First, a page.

Pope Francis and Switzerland, two books I fact checked at the Scholastic Booth
This year when I went to ALA Annual, I had a chance to see my fact checking work in person and talk to people who know the work. When I walked by the Scholastic booth, I spotted covers of two books that I’d recently fact checked and stopped and stared. They’re in the picture; Pope Francis and Switzerland. When I struck up a conversation with the people at the booth, one of them actually knew Editorial Directions, the company I work for. It was one of the most gratifying moments for a job where the distance between my work and the product is huge.
The next day when I stopped at the booth, I had a longer conversation with another person from Scholastic about fact checking and was able to see and hold two books that I’d fact checked; Vultures and Cybercriminals. Then on Sunday, I think I had a wonderful bonus because for all of these books Scholastic has a website with added information and ebooks providing new ways to access the information.
I’m still smiling when I think of seeing and holding books that I played a part in. Every book that I fact check leaves me with knowledge of new sources and nuggets of facts. I love the process of learning and having a role in the reference materials that students use.
One of my favorite parts of being a librarian is seeing when someone finds the book that they’ve wanted and needed. As an educator, I adore seeing how there isn’t just one place that a person can learn. In the past two weeks, I’ve seen kids falling in love with science and put the right books into the best hands.
Scholastic Book Fairs have a magic about them, the ones I attended in elementary school were held in the library. Weeks before, I’d fill out my form, debating which books I wanted and then they’d arrive, beautiful new books. Then I’d wander around the school library staring at all the other books, the erasers, the pens and pencils, the bookmarks, there waiting for me to choose them. Earlier this week, I was lucky enough to stand behind the register at a book fair and watch kids have that same experience. The shapes of the erasers have changed from fruits to smartphones and video game controllers, but the love of finding just that one is still there. I was impressed by how easy it was to come in and run the fair as well as how reasonable the prices were for books, 1 to 3 dollars for new paperbacks. The range of options from encyclopedias to every genre and pens that lit up or allowed secret writing. I know I was tempted by the Star Wars’ stickers and three dollars for the new Misty Copeland autobiography, but this time left with nothing for myself other than the joy of seeing kids buying what they wanted from the fair.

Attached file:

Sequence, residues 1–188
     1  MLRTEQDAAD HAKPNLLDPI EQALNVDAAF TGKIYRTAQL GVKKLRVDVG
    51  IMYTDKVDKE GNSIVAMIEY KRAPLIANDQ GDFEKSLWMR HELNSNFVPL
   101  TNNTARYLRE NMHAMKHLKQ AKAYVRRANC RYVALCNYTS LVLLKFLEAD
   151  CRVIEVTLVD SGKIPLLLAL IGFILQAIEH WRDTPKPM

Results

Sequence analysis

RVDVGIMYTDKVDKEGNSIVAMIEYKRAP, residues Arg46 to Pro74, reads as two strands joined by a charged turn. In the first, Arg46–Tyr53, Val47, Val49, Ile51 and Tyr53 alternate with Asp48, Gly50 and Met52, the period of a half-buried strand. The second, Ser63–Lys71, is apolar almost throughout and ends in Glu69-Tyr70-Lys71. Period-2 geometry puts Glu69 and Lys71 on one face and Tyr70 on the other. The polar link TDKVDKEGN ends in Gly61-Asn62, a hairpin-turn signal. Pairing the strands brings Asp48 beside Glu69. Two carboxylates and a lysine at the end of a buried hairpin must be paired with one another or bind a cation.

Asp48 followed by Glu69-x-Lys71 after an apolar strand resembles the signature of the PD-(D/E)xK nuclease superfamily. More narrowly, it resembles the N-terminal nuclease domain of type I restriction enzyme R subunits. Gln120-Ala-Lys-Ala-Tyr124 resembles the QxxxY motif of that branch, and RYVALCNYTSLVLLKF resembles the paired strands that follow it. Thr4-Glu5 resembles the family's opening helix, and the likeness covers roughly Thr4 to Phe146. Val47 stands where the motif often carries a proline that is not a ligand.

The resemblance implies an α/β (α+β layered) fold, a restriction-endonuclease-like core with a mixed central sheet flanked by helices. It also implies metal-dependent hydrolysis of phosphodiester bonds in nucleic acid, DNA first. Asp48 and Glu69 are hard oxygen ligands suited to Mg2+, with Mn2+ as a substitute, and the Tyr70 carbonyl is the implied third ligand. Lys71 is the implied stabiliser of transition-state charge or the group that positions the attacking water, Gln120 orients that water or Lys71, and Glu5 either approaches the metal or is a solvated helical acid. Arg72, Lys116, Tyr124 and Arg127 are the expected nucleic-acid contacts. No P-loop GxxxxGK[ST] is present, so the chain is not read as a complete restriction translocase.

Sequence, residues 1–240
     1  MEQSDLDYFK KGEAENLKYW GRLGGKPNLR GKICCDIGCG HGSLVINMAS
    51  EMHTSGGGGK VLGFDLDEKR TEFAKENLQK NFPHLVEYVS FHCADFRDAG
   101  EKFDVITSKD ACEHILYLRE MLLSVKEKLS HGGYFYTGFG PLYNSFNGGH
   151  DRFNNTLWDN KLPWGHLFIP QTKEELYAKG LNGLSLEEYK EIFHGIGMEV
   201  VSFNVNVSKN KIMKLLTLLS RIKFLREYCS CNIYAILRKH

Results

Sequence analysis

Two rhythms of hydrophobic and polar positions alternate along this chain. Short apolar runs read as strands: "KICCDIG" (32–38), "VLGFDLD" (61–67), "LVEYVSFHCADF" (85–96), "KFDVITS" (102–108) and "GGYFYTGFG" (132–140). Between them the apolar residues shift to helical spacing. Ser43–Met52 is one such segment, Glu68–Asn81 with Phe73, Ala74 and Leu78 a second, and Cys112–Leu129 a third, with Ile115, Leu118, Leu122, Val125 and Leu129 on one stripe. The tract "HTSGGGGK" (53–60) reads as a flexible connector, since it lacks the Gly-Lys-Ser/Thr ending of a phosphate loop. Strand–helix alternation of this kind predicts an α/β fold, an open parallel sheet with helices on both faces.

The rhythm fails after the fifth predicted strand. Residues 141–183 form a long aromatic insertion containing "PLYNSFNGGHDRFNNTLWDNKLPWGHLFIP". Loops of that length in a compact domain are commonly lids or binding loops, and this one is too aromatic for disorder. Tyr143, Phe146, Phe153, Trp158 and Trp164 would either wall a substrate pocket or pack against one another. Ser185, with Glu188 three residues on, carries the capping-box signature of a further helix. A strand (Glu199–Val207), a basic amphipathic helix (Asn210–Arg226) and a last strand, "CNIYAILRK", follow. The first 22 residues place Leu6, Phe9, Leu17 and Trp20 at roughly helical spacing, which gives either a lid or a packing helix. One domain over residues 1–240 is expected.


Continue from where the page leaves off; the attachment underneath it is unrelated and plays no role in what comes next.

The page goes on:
The second book day was an aftereffect of the Lewes Library preparing to move. Over the past few months, I’ve been helping Maureen, the head of Youth Services to weed the children’s library in preparation for shifting to the new space. I’ve found this a fascinating process of looking at what books don’t make sense to keep because they’re out of date nonfiction ones, there are multiple copies or they haven’t been taken out recently. Yesterday all thirty boxes of books ranging from board books to juvenile nonfiction were piled on tables and educators in the area were given a chance to take what they needed. In the course of the afternoon, teachers left with boxes and bags full of free books to help new families, fill classroom libraries and preschool libraries. It was wonderful to wander among them and see some of the kids who came along and recommend books I knew were good. Everything was free which made it even better as the teachers realized how these books could help their kids and then there would be space for newer copies and better editions in the library. At the end of the day, there were only eight boxes left which will find better homes and a few came home with me. I didn’t have a copy of The Queen of Attolia and picture books to send to my nephew.
Last week, I went to Boston as I’m planning on moving there in the near future. Southern Delaware is wonderful but there’s an energy in the Boston area along with many friends that will help me to do all that I want to do. Many of my favorite moments in Boston came from being in a place where people were excited to learn and share the joy of knowing something new. At the New England Aquarium, I heard kids and parents pulling each other to different exhibits and talked with a woman who loves her membership to the Aquarium. She was talking about the fur seals and how well she knew all of them. As I wandered into the bookstores and the gorgeous main Cambridge Public Library branch, I was reminded of the energy that comes from being in a place where everyone is looking at the world around them with the mixture that comes from the past and future alongside each other. Below is the wonderful Greenway carousel which was inspired by children’s drawings and connects science and fun.
One of the unexpected highlights of the trip was walking around Boston Common and seeing the preparations for the marathon, the booths waiting and what would be the starting line lying on the ground. Boston is a great city and one I plan on exploring more. As I keep looking for jobs, my net is still open wide and if a school or a library comes together in another city, I’ll grab it, but I’m planning on finding a way to live in the Boston area.
January always seems to go by faster than I expect and my 2014 has started quickly and is going to end in a busy way. I’m preparing to go to ALA Midwinter as I’m now living on the East Coast which means I can visit family while getting to spend time with librarians. Before heading north tomorrow, I wanted to recap some of my favorite events that have happened this month, because there’s been a lot of creativity and reminders of how I am a librarian for me.